EMIs are currently lost with endless correspondence with local EU Member State Financial Intelligence Units (hereinafter- FIUs). However, one should bear in mind that the turbulence that they are currently experiencing is not heading to a clearer horizon. Unless they comprehend and implement the new conditions of 6 AMLD, they will not be able to cleave to a brighter commercially viable horizon.
Many EMIs in the EU are currently experiencing enhanced enforcement due to the previous regulatory framework, which is 5 AMLD. The main difference between 5 AMLD and 6 AMLD, is that the notion of personal criminal liability is very dominant in 6 AMLD. This will take effect in December.
Because of this, EMIs will fall under even more enhanced regulatory enforcement by the FIUs. Thus, directors and owners of
EMIs will be personally liable for AML breaches, especially in the high-risk industry. Also, EMIs may be permanently shut down, will not be able to apply for grants or subsidies, and may even suffer from black-listing. Furthermore, the EMI license may be terminated indefinitely effective from the first notification sent by the local Member State Regulator.
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EMIs that are currently under inspection by their respective FIU should bear in mind that they should prepare themselves for the new conditions coming in December 2020. They should also prepare their respective compliance team for a more diligent and compliant work methodology, as from the coming December the criminal liability will shift.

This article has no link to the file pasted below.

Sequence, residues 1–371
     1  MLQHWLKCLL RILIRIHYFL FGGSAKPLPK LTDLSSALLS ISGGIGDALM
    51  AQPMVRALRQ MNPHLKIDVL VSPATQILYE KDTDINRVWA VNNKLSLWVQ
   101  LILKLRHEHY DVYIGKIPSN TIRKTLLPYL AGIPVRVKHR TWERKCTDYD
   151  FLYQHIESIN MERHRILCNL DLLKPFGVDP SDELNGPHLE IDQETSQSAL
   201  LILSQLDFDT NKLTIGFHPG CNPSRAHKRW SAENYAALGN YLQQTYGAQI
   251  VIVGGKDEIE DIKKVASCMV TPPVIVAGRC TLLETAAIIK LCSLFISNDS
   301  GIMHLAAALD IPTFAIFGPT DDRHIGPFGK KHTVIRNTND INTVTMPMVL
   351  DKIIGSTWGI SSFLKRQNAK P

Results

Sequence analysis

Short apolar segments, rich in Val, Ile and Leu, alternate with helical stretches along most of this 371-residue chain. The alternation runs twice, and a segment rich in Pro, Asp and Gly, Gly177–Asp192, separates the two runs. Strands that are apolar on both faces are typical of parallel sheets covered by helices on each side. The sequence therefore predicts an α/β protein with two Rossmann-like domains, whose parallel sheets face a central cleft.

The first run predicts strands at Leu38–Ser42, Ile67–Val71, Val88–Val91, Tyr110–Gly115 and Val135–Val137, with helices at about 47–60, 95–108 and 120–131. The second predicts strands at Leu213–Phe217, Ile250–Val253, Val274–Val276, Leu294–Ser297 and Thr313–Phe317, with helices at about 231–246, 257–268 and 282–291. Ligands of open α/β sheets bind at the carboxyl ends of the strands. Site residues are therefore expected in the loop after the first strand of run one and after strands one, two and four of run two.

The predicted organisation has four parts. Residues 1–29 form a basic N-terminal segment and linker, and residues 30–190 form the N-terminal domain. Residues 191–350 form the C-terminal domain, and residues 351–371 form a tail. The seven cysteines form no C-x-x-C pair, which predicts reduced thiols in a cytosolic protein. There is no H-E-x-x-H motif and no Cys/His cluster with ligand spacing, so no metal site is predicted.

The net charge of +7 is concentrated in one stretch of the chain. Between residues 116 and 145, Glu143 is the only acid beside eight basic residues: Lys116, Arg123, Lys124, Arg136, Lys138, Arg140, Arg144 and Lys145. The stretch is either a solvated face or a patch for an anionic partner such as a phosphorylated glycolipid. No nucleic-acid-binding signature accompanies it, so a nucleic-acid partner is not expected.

EMIs in the EU should also bear in mind that working with industries that are considered high risk may entail enhanced enforcement by the Regulator. Since just as many cryptocurrency licenses are not been forced to comply with new conditions, it is quite feasible that EMIs, especially in the Baltics, will have to follow the lead of the cryptocurrency exchanges.
In that case, what should be deemed a suitable solution for the enhanced enforcement deadline of December? This is up to the EU Member States to transpose the Directive in a proper manner, bearing in mind that there is a minimum level of transposition. These Member States may decide upon this and have the full liberty and discretion to impose a higher level of enforcement. Be that as it may, the EMIs will have to shift their mindset, and consider acquiring more licenses in the EU. This comes in addition to full disclosure and creating a healthy regulatory relationship with the respective Member State Regulator and FIU.
Ella Rosenberg, Founder, Israeli- European Regulatory Consultancy Firm